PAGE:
In vitro, resveratrol effectively scavenges (neutralizes) free radicals an other oxidants (11) and inhibits oxidation of low density lipoprotein (12, 13). However, there is little evidence that resveratrol is an important antioxidant in vivo (14) because resveratrol is very quickly conjugated in the gastrointestinal/liver system, and intracellular concentrations of resveratrol in humans are likely to be much lower than that of other important antioxidants, such as vitamin C, vitamin E and glutathione. It is believed that the antioxidant activity of resveratrol metabolites, which comprise most of the circulating resveratrol, may be lower than that of resveratrol.

The chemical structure of resveratrol is very similar to that of the synthetic estrogen agonist, diethylstilbestrol, suggesting that resveratrol might also function as an estrogen agonist. However, in cell culture experiments resveratrol acts as an estrogen agonist under some condition, and an estrogen antagonist under other conditions (16, 17). In estrogen receptor-positive breast cancer cells, resveratrol acted as an estrogen agonist in the absence of the endogenous estrogen 17-beta-estradiol, but acted as an estrogen antagonist in the presence of 17-beta estradiol (18, 19). At present it appears that resveratrol has the potential to act as an estrogen agonist or antagonist, depending upon factors such as cell type, estrogen receptor isoform (ER alpha or ER beta), and the presence of endogenous estrogens (15).

Resveratrol, 3,4′-dihydroxystilbene, also known as 3,4′5-stilbenetriol, is a phytoalexin produced naturally by several plants when under attack by bacteria or fungi. Resveratrol has also been produced synthetically [see Farina et al., Nat. Prod. Res. 20(3): 247-252 2006]. A number of beneficial health effects of resveratrol have been reported, including anti-cancer, antiviral, neuroprotective, anti-aging, anti-inflammatory, and life-prolonging effects, although most of the studies used animal subjects rather than humans.

Resveratrol is found in widely varying amounts in grapes (primarily the skins of red grapes), raspberries, mulberries, plums, peanuts, berries of the Vaccinium species, including blueberries, bilberries, cranberries, some pines such as Scotch pine and eastern white pine, and the roots and stalks of giant knotweed and Japanese knotweed. Resveratrol was first isolated from an extract of the Peruvian legume Cassia quinquangulata in 1974.

In grapes, resveratrol is found primarily in the skin and seeds. The amount found in grape skins also varies with the grape cultivar, its geographic origin, and exposure to fungal infection. The amount of fermentation time a wine spends in contact with grape skins is an important determinant of its resveratrol content.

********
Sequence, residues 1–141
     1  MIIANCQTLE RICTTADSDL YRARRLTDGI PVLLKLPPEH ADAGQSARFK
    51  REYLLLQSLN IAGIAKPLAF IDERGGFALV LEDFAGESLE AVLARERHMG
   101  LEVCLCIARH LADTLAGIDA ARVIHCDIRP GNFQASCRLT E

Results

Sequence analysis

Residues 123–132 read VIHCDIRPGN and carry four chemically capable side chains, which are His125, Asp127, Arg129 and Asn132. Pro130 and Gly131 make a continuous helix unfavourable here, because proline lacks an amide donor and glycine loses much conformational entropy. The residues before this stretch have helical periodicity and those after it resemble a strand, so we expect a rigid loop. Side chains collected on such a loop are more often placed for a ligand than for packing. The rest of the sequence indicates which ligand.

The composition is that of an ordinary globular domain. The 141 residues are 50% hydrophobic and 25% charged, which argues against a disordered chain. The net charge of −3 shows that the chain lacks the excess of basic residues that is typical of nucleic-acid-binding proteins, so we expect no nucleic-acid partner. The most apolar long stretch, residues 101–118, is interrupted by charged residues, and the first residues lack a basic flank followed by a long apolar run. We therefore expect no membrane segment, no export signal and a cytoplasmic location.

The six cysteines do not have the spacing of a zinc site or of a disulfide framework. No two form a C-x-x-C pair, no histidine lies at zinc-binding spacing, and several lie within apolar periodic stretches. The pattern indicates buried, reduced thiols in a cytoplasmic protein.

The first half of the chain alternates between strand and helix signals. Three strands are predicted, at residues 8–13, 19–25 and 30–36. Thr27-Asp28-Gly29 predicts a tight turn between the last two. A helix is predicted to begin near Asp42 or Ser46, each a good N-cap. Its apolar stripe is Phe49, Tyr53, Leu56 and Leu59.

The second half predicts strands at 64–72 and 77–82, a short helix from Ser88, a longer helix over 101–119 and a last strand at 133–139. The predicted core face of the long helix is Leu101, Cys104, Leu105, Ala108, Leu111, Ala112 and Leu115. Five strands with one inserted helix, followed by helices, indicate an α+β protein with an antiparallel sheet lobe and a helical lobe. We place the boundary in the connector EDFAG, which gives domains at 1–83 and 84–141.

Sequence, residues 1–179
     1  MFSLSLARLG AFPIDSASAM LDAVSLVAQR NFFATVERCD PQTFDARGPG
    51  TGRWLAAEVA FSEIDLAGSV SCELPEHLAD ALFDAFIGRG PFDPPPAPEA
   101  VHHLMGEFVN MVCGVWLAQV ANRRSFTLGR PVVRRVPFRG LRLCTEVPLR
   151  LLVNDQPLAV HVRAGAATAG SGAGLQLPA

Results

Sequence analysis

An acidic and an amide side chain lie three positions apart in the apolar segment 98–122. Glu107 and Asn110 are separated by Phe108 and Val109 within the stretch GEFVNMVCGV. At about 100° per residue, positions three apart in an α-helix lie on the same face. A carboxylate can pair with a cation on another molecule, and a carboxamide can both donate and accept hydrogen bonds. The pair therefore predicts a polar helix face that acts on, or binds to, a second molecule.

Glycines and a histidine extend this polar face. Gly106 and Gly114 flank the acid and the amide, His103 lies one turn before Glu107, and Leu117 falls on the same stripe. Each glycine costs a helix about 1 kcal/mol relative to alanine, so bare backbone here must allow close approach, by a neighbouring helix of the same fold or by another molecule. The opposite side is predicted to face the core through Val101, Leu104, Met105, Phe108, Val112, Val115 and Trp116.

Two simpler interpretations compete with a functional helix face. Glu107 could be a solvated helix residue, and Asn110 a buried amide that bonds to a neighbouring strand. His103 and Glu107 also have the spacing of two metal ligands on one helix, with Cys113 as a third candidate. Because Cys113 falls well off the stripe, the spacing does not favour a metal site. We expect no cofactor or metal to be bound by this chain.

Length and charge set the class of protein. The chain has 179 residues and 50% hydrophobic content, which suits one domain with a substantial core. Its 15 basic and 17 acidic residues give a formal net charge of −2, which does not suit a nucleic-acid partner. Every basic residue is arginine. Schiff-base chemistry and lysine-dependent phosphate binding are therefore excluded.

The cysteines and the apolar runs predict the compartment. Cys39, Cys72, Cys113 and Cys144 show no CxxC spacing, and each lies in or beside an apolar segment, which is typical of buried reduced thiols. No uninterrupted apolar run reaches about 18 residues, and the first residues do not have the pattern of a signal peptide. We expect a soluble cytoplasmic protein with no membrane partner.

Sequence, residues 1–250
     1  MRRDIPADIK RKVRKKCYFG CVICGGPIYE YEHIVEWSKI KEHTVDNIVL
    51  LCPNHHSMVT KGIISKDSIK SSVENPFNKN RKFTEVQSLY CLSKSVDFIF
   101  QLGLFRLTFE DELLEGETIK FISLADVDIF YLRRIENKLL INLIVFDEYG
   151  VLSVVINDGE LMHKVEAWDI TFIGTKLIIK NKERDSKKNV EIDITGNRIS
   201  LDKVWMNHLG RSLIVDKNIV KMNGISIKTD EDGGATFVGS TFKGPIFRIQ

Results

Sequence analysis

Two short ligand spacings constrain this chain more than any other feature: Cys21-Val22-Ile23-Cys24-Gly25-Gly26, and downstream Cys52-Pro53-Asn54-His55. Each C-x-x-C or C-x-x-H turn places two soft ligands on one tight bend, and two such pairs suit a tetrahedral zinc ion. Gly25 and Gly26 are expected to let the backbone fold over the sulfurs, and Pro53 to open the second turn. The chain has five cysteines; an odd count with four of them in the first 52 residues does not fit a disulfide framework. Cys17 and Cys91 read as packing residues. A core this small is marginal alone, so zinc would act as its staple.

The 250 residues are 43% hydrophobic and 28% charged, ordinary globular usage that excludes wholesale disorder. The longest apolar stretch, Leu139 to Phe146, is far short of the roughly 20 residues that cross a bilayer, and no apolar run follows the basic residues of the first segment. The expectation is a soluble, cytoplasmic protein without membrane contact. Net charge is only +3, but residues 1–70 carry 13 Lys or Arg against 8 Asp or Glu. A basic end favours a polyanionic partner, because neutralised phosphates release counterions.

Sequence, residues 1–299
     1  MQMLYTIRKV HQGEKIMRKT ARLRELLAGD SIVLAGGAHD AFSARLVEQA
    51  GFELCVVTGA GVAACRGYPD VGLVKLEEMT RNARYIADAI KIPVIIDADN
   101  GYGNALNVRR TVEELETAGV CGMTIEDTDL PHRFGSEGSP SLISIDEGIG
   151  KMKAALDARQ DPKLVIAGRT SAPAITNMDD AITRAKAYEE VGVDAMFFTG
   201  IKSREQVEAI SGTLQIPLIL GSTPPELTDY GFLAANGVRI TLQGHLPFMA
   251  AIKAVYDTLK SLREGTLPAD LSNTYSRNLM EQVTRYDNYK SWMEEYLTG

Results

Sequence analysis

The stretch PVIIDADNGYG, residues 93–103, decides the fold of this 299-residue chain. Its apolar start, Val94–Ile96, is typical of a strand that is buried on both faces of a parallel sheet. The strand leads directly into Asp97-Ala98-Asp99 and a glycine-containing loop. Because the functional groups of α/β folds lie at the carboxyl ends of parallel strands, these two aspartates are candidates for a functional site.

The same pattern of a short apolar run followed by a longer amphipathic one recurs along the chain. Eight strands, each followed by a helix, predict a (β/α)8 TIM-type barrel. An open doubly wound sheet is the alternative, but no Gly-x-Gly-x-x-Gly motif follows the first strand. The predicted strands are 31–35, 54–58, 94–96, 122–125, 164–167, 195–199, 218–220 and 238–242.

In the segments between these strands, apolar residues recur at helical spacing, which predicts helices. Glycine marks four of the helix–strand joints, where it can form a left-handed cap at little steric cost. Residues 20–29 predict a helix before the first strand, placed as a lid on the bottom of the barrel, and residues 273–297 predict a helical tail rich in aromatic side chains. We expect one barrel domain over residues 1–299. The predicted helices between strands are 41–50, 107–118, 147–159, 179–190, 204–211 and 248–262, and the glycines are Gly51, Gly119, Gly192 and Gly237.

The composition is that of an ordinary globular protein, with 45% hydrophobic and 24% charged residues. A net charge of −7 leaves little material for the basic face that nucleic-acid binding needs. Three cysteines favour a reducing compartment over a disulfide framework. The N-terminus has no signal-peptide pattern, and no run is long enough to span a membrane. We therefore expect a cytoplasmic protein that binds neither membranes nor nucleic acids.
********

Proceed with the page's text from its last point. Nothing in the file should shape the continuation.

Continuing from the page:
Pterostilbene is a stilbenoid compound chemically related to resveratrol. Other names for pterostilbene are 4-[(E)-2-(3,5-dimethoxyphenyl)ethenyl]phenol; 3′,5′-dimethoxy-4-stilbenol; and 3,5-dimethoxy-4′-hydroxy-trans-stilbene.

Pterostilbene has been found to be equal in potency to resveratrol as a cancer-preventive agent (Rimando et al., Cancer Chemopreventive and Antioxidant Activities of Pterostilbene, a Naturally Occurring Analogue of Resveratrol, Antioxidants destroy free radicals, highly reactive molecules whose excess has been linked to cancer, which may account for the effectiveness of resveratrol and pterostilbene against cancer. Animal studies have also found that pterostilbene can lower blood glucose and may be a potent antidiabetic agent.

Quantitative studies have shown that for every ten parts resveratrol, there are only one to two parts pterostilbene. The relationship between the two compounds and their unequal content in plants is unclear, but remains the subject of ongoing studies. Dark-skinned grapes are likely to contain the most pterostilbene. For reasons that are not clear, pterostilbene is normally not found in wine. This may be because it is unstable in light and air, which makes it less likely to survive the wine-making process.

For administration, the resveratrol and/or pterostilbene can be natural or synthetic. They may also be in the form of a pharmacologically acceptable salt, ester, amide, prodrug or analog or as a combination thereof. Salts, esters, amides, prodrugs and analogs of resveratrol and/or pterostilbene may be prepared using standard procedures known to those skilled in the art of synthetic organic chemistry and pharmaceutical formulation.

The resveratrol and/or pterostilbene can be incorporated into a chewable or other type of food or delivery vehicle that is retained in the mouth for about five seconds to about twenty minutes. Types of foods that require long chewing or that remain in the mouth for a period of time of up to twenty minutes include chewing gum, taffy, hard candies that are sucked, gummy candies, fudge, lozenges, and the like. Alternatively, the resveratrol and/or pterostilbene can be incorporated in a thin film that can be retained in the mouth and from which the active ingredient is delivered across the oral mucous membranes.